Stream all the commercials from 2019 and 2020 below. And if you like the idea of the digital archiving of TV, check out the story of Marion Stokes.
Pizza Hut pulled out all the stops in the 90s with their unorthodox commercials. But this was features a language from another planet!
Pizza Hut’s Klingon advert was the first full non-English advert on British television when it aired in 1994. While I don’t remember the advert from childhood, I do remember the promotional Star Trek cups that came with them because I had two (which, in hindsight, I wish I’d kept)!
If you plan on emulating this commercial and want to order a pizza in Klingon, here are some suggested phrases:
- nuvpu’ Qong (Deep pan, please)
- pagh latlh vIlegh’a’? (Can I have extra cheese?)
- ghorgh lutu’lu”a’? (Is the base gluten free?)
- ‘uQ’a’ (Meat feast)
- tlhIngan taHqeq chuS’a’Daq yIjaH?! (What do you mean the ice cream machine is broken?!)
jochqu’ ‘e’ yIHar or stream it below.
When I want to feel warm and cosy, I watch YouTube videos of old 90s TV adverts. They give me a kick of nostalgia and remind me of simpler times when you could hug people without fear of dying. Last night, I watched a video with adverts from 1994 and I spotted something strange. The adverts were from ITV but the intro was one of BBC2’s old idents (the one with the green paint). I thought the video had changed. You never saw BBC on ITV unless it was on the news.
And then it turned into a Pizza Hut advert.
So how did this all come about? Peter York picked up on the story for The Independent back in 1994:
Advertising is in the ‘borrowed interest’ business: famous or beautiful people and spectacular locations are regularly borrowed to add interest to somewhat basic product offers.
Now Pizza Hut has gone one better: it’s borrowed a television channel. More precisely, it has ‘appropriated’ – as a certain type of intellectual likes to say – the BBC2 logo, in its large, plain, anodised-aluminium form. If you’ve had the feeling that you’re in the wrong place recently when watching ITV or C4, it’s because the BBC2 logo has appeared. It sits in its wind tunnel and is swept with green paint, as usual – but then a yob appears and splashes the camera lens with paint, too. It’s a very disconcerting, memorable media-age joke.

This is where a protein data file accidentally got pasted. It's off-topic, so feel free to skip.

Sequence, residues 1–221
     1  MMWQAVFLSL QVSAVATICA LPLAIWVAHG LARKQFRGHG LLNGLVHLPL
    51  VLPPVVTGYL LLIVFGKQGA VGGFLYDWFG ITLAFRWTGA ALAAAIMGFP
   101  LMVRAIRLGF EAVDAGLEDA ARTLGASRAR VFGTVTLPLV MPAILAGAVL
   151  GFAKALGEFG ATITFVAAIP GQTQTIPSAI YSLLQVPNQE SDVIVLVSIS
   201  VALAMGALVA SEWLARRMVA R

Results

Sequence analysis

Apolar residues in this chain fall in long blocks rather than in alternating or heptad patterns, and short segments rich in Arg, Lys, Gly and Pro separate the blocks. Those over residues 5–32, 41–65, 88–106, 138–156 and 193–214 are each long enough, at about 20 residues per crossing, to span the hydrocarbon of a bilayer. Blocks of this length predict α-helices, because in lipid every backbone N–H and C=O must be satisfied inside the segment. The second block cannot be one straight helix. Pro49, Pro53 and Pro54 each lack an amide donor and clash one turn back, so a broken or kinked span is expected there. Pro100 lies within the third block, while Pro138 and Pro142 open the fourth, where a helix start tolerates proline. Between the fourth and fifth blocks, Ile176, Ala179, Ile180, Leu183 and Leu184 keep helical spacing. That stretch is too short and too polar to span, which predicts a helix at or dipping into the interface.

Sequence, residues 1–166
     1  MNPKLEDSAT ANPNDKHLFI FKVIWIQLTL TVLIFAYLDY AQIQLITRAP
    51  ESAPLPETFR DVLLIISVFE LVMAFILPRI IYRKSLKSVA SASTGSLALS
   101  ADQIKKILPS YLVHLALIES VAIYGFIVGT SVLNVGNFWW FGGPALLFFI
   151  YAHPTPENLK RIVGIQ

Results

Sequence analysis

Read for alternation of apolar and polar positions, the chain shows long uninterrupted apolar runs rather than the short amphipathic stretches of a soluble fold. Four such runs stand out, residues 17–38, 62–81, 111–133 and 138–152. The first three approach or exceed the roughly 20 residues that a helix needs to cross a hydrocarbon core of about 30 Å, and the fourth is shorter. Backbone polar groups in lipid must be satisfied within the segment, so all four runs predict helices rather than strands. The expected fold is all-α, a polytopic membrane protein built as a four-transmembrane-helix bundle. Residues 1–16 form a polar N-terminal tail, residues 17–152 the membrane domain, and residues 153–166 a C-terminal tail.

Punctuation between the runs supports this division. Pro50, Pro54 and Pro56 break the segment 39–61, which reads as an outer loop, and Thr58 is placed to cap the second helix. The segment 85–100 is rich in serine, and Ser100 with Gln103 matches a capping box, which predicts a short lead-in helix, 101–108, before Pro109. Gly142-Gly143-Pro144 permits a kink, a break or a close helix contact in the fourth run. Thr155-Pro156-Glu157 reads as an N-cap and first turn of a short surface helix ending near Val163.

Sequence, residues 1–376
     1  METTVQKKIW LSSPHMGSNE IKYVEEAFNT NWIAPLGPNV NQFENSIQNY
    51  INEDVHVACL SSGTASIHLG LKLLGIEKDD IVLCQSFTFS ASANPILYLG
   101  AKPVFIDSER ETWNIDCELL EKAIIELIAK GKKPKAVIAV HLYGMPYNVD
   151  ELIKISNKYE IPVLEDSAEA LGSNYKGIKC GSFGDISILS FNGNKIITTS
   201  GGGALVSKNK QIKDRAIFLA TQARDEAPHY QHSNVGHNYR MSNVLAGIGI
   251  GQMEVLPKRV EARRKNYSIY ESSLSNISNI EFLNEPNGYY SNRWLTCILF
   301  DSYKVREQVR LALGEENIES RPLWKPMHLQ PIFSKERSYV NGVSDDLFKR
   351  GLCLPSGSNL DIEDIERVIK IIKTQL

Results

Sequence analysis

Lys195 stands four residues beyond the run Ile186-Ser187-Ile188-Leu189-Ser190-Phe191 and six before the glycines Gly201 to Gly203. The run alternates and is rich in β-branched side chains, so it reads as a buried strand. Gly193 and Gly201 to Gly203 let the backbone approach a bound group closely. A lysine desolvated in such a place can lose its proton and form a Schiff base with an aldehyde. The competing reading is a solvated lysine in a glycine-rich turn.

But it turns out “spoof” idents have been around for decades and there’s even a website archiving them. I’m glad I wasn’t the only one who felt a little off by the giant metallic 2 on the “wrong” channel.
It looks like some brands have stopped “seeing us” if they ever did to begin with. Luxury fashion brand Marni apologised for its “Jungle Mood” campaign shoot that portrayed racist imagery of Black models in chains and in tribal regalia.
The Italian brand took to Instagram to launch the campaign with images including a Black man with what appeared to be shackles on his feet, Praia flip flops “powerful and shining like a tribal amulet” and “barefoot in the jungle”. A flurry of comments condemned the depictions and terminology, including blogger and model Natasha Ndlovu:
“Corona hasn’t even finished its world tour and Italian brands are at it again. And this whole ‘jungle mood’ terminology is so stereotypical jee zus ! Isn’t there a fashion panel that should approve images for brand campaigns? As a content creator brands are up my *ss doing approvals before I post content so why can’t an image that will be on billboards worldwide have the same background check?”
But besides the shackles and “tribal amulets”, there’s a lot of cultural appropriation at play. Diet Prada called out Marni’s new campaign with its “smorgasbord of ethnic accessories like Bayong wood necklaces from the Philippines, Caribbean woven grass hats, and other non-descript wooden jewelry (none of which are Marni)”. Oh, and Marni actually deleted the image of the Black man in shackles.
There’s also the question of the photographer, Edgar Azevedo, who is Afro-Brazilian. Was there a message amongst the sloppy copy or was it a promotion of racist stereotypes and appropriative garments? My issue with a lot of fashion brands and their campaigns is their intent is ambiguous, but their impact is harmful. I can’t imagine a better outlook for this campaign than what we’ve seen and I don’t see how it was appropriate for the times we’re in. The products don’t even look that nice and they’re the background props for whatever this campaign was supposed to be.